# Linear Differential Equation with a substitution.

1. Sep 30, 2008

### Rake-MC

Wow I am so very bad at differential equations.. :(

The problem

Here is the exact problem I'm given:

attempt at a solution

I'm guessing that I need to differentiate y(x) that I am given and substitute that into the left hand side and then put the y function [sinx + 1/u(x)] as y in the right hand side (y^2).
Then re-arrange for u(x) and differentiate to get du/dx and hopefully it will be the third given equation.

After that I think I just have to solve that ODE and get it back in terms of y.

Assuming that is what I have to do, sadly I cannot even get that far..

differentiating y(x) = sinx + 1/u(x)
must this be done implicitly? I get confused as u(x) is a function and not a variable.

I can see that the third equation must be solved linearly such that dy/dx + utan(x) = -1/2 sec(x)

And I (think) that I solved the integrating factor to be 1/cos(x).

But I am so bad at differential equations and the sources on the internet seem to be so confusing that I'm quite stuck from here but this is what I have:

(1/cos(x))*du/dx + u*(1/cos(x))*tan(x) = -(1/2)*(1/cos(x))*sec(x)=d/dx(u/cos(x)) <- multiplying by integrating factor and copying form of examples from the net

u/cos(x) = integral of -(1/2)*(1/cos(x))*sec(x)

and I know I'm way off here so I think I might aswell just stop...

Also it would be great if someone could point me in the direction of a site that shows how to type all those math symbols such as the integral sign.

2. Sep 30, 2008

### CompuChip

Good guess

I don't know what you call "implicitly" but I don't think so. All you need is the chain rule:
$$\frac{d}{dx} \frac{1}{u(x)} = \frac{d (1/u)}{du} \frac{du}{dx}$$

3. Sep 30, 2008

### Rake-MC

Thanks CompuChip.

For dy/dx I got cos(x) - 1/u^2

so that's on the left side, for the right side I subbed in sin(x) + 1/u

but it just gets really messy, and I can't get u on its own.. This is probably one of the most simple things to do but I just can't do it.

Maybe I should drop out of engineering.....

4. Sep 30, 2008

### CompuChip

You still forgot the chain rule:

dy/dx = cos(x) - u' / u^2,
where u' denotes differentation of u w.r.t. x.
And you don't want u on its own, but du/dx = u'.

5. Sep 30, 2008

### Rake-MC

Thanks tons!
I can't show how grateful I am for being so patient with me. I am so slow with this kind of thing..

Now I'm 99% sure I have to do a linear differential equation to get the solution, but doing that will probably result in colossal failure on my part.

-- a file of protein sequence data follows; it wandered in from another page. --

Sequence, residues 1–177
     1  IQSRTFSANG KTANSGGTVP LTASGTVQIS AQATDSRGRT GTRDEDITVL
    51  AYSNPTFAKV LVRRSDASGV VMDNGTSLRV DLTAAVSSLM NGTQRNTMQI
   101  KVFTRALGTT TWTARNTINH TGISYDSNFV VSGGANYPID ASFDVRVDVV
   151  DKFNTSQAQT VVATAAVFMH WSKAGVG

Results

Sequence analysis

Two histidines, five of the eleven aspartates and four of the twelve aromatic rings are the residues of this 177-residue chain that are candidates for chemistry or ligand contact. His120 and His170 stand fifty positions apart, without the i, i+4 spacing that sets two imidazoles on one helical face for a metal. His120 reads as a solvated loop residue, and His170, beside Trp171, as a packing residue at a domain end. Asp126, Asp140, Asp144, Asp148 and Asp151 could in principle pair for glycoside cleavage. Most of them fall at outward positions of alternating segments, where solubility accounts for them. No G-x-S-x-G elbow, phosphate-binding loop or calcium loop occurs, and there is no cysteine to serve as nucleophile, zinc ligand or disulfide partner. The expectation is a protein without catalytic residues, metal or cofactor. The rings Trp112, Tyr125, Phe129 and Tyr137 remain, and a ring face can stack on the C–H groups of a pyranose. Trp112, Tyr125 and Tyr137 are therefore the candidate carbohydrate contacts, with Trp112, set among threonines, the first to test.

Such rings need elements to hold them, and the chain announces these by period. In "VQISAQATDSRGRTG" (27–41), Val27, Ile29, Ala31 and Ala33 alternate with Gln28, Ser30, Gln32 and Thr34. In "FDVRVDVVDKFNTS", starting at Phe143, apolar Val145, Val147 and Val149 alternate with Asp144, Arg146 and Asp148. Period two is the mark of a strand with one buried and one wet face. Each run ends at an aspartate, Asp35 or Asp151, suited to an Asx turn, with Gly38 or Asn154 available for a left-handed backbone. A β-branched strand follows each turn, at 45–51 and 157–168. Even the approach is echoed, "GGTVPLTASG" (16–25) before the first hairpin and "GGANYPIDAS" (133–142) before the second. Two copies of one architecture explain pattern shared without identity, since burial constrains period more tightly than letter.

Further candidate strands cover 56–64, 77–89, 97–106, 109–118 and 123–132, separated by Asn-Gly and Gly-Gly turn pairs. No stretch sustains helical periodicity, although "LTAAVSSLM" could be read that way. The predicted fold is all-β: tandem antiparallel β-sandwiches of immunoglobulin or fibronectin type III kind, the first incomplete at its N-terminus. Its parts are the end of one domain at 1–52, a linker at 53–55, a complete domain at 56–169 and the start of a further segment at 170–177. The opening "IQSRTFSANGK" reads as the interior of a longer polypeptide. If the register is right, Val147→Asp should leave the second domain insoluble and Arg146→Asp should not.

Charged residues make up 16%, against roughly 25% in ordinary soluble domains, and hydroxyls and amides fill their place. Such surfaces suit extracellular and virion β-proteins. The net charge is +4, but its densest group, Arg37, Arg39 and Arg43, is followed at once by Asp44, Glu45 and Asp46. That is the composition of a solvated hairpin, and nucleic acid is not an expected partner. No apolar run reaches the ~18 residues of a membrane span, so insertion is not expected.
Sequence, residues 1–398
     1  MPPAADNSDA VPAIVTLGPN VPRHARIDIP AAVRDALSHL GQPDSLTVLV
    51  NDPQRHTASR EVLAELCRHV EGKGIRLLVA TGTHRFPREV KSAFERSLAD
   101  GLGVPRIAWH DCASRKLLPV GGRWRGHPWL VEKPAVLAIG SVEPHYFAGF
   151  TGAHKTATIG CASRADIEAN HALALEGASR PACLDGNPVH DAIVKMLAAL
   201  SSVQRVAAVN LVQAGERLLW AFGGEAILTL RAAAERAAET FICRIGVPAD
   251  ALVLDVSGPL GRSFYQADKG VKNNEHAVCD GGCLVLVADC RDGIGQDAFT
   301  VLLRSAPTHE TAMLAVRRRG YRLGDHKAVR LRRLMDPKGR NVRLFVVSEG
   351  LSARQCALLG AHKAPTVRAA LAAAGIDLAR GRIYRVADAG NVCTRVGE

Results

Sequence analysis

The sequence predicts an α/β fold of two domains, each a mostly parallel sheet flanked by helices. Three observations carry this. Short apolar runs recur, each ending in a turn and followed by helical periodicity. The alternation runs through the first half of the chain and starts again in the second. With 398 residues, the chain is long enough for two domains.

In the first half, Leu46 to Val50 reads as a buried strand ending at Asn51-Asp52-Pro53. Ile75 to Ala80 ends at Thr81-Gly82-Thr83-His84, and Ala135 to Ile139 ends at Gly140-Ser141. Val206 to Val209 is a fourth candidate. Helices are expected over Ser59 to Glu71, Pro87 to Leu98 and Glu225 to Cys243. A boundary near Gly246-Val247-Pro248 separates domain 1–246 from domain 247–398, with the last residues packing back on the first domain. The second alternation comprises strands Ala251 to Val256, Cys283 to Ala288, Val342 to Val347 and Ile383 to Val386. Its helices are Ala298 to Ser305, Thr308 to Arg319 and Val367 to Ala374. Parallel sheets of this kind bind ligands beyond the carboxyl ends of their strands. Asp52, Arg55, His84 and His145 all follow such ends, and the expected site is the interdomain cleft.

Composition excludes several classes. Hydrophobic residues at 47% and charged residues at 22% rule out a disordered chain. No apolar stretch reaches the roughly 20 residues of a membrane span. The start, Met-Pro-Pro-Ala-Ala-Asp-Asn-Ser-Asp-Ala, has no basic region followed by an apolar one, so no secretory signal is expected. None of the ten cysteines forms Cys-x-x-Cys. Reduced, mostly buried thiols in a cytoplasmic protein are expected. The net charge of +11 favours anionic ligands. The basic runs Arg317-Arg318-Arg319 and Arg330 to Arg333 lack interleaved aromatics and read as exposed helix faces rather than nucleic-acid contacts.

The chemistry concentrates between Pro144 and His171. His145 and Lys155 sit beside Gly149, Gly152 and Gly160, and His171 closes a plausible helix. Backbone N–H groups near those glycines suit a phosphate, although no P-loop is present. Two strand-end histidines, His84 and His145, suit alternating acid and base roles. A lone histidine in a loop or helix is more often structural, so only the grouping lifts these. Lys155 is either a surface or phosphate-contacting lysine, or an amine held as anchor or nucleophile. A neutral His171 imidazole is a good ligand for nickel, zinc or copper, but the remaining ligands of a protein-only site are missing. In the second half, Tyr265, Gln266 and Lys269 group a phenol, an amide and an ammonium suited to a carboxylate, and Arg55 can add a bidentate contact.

As I said earlier I'm sure the integrating factor is 1/cos(x), and I multiplied it through my differential equation such that I had it in the form of I(x)dy/dx + I(x)P(x) = Q(x)
but I don't really know what to do from here.
Sites that I've looked at seem to use terminology and symbols that are far beyond me..

6. Sep 30, 2008

### Rake-MC

Okay, linear differential equations confuse the hell out of me, but by any chance is the answer:

$$u = -\frac{1}{2} \int sec(x)sec(x)dx = -\frac{1}{2} tan(x) + C$$
$$y(x) = sin(x) + \frac{1}{u(x)}$$
$$y(x) = sin(x) - \frac{2}{tan(x)+C}$$

Did I do this right?
Cheers

7. Sep 30, 2008

### Rake-MC

Somehow I don't think that this is right, because I have dy/dx, subbed in u, took the derivative of that. Did the differential equation, but shouldn't I need to do another differential equation to reach y(x)? It confuses me because I'm given dy/dx aswell as y(x) in terms of u(x).
Thanks

8. Oct 1, 2008

### Rake-MC

Okay, I think that I have done something wrong in that it's not:
$$u = -\frac{1}{2} \int sec(x)sec(x)dx$$

but rather $$I(x)u = -\frac{1}{2} \int sec(x)sec(x)dx = -\frac{1}{2} tan(x) + C$$

where $$I(x) = sec(x)$$
so

$$u = -\frac{1}{2} tan(x)cos(x) + C$$

Then $$y(x) = sin(x) - \frac{2}{tan(x)cos(x)+C} = sin(x) - 2cot(x)sec(x)$$

If anyone could confirm this, it would be most greatly appreciated.
Cheers.

9. Oct 2, 2008

### Rake-MC

Bump thx.

10. Oct 2, 2008

### jeffreylze

Yeap, you've got it right. Just one thing, where did your constant go for the final answer? Btw, we are on the same course doing the same subject. I found the assignment really difficult esp question 3.

11. Oct 2, 2008

### Rake-MC

Cheers jeffreylze,
well my constant of integration is $$\frac{1}{cos(x)}$$

which is the $$sec(x)$$

$$sin(x) - 2cot(x)sec(x)$$